Formic acid

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A colorless, fuming liquid with a strong pungent odor. Formic acid occurs naturally in the poison of stinging ants and in stinging nettles. In air, Formaldehyde will oxidize slowly to form formic acid. Formic acid is a strong reducing agent and will react quickly with most materials. It is deleterious to metals and may harm oil paintings, watercolors, drawing, and sketches. Formic acid is sold commercially as an aqueous solution. It is used industrially in animal feeds, textile dyeing, leather tanning and in the production of insecticides, rubber, and refrigerants. In textile dyeing, formic acid is used to assist in the absorption of Chromium mordants. Formic acid may evolve from wood products, linoleum, and any coatings formed by oxidative polymerization (Tétreault 2017).

  • See Pollutant record for a comparison table of aerosols and collection risks.

Synonyms and Related Terms

hydrogen carboxylic acid; methanoic acid; aminic acid; formylic acid

Personal Risks

  • Combustible. Flash point = 69 C.
  • Inhalation and skin contact will cause irritation and burns.
  • ThermoFisher: SDS

Collection Risk

  • Will corrode metals.
  • Reacts with daguerreotypes
  • Darkens lead white pigments
  • May yellow porous materials such as paper and fabrics

Physical and Chemical Properties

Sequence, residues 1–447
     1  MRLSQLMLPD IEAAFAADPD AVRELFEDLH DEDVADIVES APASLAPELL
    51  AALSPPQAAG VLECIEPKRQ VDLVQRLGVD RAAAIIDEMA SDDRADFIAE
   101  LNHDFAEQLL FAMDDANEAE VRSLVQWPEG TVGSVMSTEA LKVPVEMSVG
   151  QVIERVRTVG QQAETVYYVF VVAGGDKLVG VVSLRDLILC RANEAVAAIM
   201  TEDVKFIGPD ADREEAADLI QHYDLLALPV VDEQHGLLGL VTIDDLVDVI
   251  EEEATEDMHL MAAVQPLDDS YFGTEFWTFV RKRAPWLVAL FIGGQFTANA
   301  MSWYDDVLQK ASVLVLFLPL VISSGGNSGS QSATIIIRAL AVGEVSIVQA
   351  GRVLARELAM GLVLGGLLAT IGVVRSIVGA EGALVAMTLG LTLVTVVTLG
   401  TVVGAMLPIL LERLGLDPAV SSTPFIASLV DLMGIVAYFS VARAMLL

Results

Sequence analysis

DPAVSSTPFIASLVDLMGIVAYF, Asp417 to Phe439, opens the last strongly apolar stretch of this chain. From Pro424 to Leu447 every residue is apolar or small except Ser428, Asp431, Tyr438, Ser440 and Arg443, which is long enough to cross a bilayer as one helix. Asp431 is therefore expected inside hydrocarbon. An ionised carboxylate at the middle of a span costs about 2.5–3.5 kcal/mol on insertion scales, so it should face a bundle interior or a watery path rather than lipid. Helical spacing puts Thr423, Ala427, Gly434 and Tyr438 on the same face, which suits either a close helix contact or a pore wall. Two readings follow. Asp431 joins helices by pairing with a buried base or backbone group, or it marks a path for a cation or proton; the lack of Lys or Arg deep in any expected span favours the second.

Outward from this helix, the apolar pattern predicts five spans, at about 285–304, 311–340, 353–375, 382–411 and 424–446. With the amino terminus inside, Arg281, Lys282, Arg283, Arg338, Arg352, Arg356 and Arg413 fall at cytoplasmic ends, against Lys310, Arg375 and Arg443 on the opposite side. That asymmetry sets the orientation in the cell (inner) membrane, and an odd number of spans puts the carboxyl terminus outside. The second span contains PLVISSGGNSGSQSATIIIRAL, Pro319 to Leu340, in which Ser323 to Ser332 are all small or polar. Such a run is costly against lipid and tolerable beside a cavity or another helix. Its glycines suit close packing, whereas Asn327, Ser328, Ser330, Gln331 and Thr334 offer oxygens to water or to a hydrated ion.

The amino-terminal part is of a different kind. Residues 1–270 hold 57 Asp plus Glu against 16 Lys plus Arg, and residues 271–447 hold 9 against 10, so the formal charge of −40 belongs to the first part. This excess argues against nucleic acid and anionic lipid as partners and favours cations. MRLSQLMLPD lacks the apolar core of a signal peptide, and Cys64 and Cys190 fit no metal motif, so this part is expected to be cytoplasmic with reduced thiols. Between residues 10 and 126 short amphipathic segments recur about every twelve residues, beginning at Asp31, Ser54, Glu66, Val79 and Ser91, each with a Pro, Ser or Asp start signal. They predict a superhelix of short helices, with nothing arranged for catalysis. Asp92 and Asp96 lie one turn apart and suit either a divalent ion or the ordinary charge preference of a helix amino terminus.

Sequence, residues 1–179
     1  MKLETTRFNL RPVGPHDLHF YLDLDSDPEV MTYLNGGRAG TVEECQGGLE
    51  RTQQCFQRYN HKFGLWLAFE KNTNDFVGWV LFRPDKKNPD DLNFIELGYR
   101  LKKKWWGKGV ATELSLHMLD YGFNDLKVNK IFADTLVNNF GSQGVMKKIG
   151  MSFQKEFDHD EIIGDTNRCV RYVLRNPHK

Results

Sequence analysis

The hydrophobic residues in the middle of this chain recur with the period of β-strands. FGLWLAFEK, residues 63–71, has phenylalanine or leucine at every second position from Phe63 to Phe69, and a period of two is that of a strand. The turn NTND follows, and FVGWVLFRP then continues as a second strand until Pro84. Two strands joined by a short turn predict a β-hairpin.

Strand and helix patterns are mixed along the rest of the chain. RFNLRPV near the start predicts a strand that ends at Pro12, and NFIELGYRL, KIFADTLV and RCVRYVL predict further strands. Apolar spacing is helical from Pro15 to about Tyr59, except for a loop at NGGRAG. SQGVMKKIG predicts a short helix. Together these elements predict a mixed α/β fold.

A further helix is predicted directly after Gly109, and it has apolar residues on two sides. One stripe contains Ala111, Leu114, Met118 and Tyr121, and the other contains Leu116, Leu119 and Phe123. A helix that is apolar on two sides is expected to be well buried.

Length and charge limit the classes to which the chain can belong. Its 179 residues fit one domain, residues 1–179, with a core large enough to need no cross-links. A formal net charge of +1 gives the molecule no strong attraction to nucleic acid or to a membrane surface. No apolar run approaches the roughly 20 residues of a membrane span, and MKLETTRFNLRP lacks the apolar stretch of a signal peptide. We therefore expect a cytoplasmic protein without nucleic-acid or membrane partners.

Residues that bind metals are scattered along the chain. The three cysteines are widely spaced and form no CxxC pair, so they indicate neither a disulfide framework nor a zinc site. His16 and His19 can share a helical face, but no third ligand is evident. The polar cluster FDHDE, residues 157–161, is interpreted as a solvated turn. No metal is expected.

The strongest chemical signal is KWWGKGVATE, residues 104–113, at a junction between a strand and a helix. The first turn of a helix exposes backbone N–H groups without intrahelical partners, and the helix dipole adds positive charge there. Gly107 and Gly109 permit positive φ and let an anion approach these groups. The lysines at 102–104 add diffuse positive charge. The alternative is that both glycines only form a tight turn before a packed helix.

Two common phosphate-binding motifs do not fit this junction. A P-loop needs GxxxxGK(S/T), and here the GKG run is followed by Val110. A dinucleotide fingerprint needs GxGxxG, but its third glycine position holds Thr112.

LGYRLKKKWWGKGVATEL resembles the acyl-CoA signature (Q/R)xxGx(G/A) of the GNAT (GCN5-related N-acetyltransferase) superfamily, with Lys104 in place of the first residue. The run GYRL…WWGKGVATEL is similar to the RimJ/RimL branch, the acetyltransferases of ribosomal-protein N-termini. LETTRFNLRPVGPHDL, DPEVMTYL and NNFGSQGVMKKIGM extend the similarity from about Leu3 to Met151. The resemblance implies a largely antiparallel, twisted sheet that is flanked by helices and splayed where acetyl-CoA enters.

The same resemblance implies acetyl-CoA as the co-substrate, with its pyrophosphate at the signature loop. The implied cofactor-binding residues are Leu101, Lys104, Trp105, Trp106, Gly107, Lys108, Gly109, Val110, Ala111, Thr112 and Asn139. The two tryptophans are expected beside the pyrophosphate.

Miscible with water, ether, acetone, ethyl acetate, methanol, ethanol. Partially soluble in benzene, toluene, xylenes.

pH (0.1 N aqueous solution) = 2.3

Composition HCOOH
CAS 64-18-6
Melting Point 8.4 C
Density 1.220 g/ml
Molecular Weight mol. wt. = 46
Boiling Point 100.8 C


Properties of Common Solvents

Resources and Citations

  • Jean Tétreault, 'Products used in Preventive Conservation' Technical Bulletin #2, CCI, 2017. Link
  • Richard S. Lewis, Hawley's Condensed Chemical Dictionary, Van Nostrand Reinhold, New York, 10th ed., 1993
  • The Merck Index, Martha Windholz (ed.), Merck Research Labs, Rahway NJ, 10th edition, 1983 Comment: entry #4268
  • Matt Roberts, Don Etherington, Bookbinding and the Conservation of Books: a Dictionary of Descriptive Terminology, U.S. Government Printing Office, Washington DC, 1982
  • S.R.Trotman, E.R. Trotman, Textile Analysis, J.B. Lippincott Company, Philadelphia, 1932 Comment: specific gravity = 1.241
  • John and Margaret Cannon, Dye Plants and Dyeing, Herbert Press, London, 1994
  • The American Heritage Dictionary or Encarta, via Microsoft Bookshelf 98, Microsoft Corp., 1998
  • Susan E. Schur, Conservation Terminology: A review of Past & Current Nomenclature of Materials, Technology and Conservation, Spring (p.34-39); Summer (p.35-38); Fall (p.25-36), 1985
  • CRC Handbook of Chemistry and Physics, Robert Weast (ed.), CRC Press, Boca Raton, Florida, v. 61, 1980 Comment: pH (0.1 N aqueous solution) = 2.3